Starting a business with poor personal credit: 3 tips to secure financing
You have a great business idea, but your credit score is holding you back? Securing financing may be harder, although not impossible. Here are three tips to help you finance your business despite these obstacles.
For many entrepreneurs, personal and business finances are intimately tied up. For someone with a bad credit score, this can make accessing a business loan more difficult than it would be otherwise.
This situation is much more common than you might think. Valérie Bornais, Manager, Sales Enablement at BDC, regularly meets entrepreneurs who don’t have a perfect credit history. “Many people are not aware that their consumption habits can affect their credit score,” she explains. “And they don’t realize that this can hamper their business either. In fact, they should know that financing is often granted based on personal credit history.”
This doesn’t mean you have to give up your dream of launching a business if you have a bad credit score. It all depends on what got you into your current financial situation. “If it’s the result of an unfortunate event, such as a divorce, but the business idea is sound, people are generally more willing to take a risk and help you out,” says Ms. Bornais. “You will still have to demonstrate that you have a good business plan, a good product and that you are a good manager.”
Here are a few solutions that will allow you to move ahead with your business project without too much delay.
1. Rectify your financial situation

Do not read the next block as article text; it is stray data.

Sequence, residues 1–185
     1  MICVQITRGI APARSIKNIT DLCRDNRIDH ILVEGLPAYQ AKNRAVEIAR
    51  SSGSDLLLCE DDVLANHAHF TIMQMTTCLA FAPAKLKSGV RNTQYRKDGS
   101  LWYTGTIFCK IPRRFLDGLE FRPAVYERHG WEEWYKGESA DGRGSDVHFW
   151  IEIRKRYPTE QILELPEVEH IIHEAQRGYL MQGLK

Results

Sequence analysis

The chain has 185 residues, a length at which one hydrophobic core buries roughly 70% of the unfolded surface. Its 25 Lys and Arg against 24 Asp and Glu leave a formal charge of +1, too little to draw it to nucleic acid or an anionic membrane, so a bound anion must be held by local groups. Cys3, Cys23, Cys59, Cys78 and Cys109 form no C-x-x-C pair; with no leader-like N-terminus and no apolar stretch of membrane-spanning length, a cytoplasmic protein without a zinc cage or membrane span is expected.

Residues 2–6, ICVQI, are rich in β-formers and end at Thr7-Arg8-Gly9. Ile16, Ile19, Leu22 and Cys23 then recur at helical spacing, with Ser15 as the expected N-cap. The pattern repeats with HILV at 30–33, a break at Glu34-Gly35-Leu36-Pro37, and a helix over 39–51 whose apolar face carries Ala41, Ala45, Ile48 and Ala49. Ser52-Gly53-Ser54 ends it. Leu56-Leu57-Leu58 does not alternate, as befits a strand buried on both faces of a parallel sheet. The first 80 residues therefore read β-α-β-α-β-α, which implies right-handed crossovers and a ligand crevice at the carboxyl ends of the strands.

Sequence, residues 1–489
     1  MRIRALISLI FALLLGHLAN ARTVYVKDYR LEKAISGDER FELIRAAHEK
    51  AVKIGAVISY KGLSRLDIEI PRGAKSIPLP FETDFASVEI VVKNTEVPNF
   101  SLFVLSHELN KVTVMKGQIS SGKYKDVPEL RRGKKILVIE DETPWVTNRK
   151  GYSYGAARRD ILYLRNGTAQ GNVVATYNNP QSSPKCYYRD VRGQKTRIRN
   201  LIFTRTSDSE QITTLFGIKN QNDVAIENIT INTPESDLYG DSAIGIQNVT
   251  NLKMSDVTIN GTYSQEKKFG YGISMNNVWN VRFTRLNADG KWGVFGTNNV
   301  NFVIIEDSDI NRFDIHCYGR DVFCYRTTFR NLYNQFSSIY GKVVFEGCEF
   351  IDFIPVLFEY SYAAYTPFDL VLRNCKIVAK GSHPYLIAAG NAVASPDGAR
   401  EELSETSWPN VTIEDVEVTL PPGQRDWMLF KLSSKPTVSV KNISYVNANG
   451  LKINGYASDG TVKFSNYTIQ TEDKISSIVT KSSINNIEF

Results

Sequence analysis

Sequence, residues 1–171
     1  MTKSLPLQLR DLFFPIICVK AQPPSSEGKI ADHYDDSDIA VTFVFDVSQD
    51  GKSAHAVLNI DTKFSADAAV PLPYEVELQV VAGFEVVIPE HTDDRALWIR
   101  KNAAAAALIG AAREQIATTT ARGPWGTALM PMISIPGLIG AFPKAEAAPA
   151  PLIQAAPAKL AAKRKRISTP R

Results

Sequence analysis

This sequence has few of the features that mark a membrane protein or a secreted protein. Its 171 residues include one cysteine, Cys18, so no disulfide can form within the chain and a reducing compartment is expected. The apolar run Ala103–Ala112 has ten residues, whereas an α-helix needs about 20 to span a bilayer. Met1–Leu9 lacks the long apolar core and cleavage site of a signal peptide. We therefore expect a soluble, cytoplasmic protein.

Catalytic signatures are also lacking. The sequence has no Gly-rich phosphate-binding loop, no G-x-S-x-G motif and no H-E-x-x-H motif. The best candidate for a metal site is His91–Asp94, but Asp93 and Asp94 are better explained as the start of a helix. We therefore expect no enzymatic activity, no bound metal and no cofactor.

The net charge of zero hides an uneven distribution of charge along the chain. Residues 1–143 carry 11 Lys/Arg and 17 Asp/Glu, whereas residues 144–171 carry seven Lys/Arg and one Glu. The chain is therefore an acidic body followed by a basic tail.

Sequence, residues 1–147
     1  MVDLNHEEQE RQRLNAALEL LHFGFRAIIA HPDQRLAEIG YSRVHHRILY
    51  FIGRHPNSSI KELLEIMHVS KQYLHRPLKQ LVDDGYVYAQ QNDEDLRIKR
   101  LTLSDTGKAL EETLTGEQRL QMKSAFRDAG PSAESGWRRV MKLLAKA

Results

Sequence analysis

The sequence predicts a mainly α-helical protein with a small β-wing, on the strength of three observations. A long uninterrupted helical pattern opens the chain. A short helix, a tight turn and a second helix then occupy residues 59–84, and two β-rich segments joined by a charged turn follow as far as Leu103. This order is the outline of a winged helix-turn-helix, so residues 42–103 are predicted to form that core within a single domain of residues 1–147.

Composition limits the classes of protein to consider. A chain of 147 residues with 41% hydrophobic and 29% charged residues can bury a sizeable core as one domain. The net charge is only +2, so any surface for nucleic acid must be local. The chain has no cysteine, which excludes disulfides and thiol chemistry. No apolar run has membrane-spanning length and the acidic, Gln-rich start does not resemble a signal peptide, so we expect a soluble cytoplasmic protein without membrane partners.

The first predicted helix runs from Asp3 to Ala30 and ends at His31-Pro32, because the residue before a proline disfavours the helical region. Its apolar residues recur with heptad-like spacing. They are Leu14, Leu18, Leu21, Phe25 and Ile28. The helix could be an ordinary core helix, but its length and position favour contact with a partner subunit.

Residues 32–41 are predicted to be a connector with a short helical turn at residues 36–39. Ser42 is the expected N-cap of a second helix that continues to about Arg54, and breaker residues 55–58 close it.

First of all, it is important to get your credit history from Equifax or TransUnion, the two main credit rating agencies in Canada. This will help you find out your score and establish that the information in your file is accurate. If there are mistakes, you can contact these agencies to have it corrected.
There are various strategies you can use to improve your financial situation. First and foremost, it is essential to pay your bills on time—just one 30-day late payment can have a significant impact on your credit score. ¬Paying off the full balance of your credit card each month, using your credit limit wisely—no more than 30%—and keeping the number of loan requests you make to a minimum are all winning tactics when it comes to rehabilitating your credit history.
2. Work with the right people
According to Ms. Bornais, you can help your cause by teaming up with one or more associates whose credit history is impeccable. A more qualified and financially sound management team may tip the scale in your favour.
In such a situation, it is important to have a lawyer draft an agreement determining everyone’s roles and responsibilities when the stake is acquired in order to protect all parties.
3. Find a guarantor
A friend or family member may act as a guarantor on a loan. This person must meet the lender’s eligibility criteria.
The lender’s decision will be based on the guarantor’s personal assets and credit history. The friend or relative must also be aware of the commitment they are making, since being a cosignatory on the loan will appear in their credit history and may limit their borrowing power. They must also be clear on the extent of their liability should you be unable to meet your obligations.
Avoid damage by being proactive
No start-up can get off the ground without some personal investment. But don’t wait until you’ve used up all your savings before you visit your banker. Once your credit history has been affected, it will be much more difficult to improve your rating.
It is important to structure your business initiative well from the outset. Incorporation will enable you to protect and separate your business’s credit from your personal credit.
“You must also plan your project ahead of time,” Ms. Bornais adds. “Using your line of credit to finance your start-up may be justified, but you must have a game plan in place to repay the interest. And you should also think about other sources of start-up financing. This will show that you’ve done your homework and will increase your credibility with lenders.”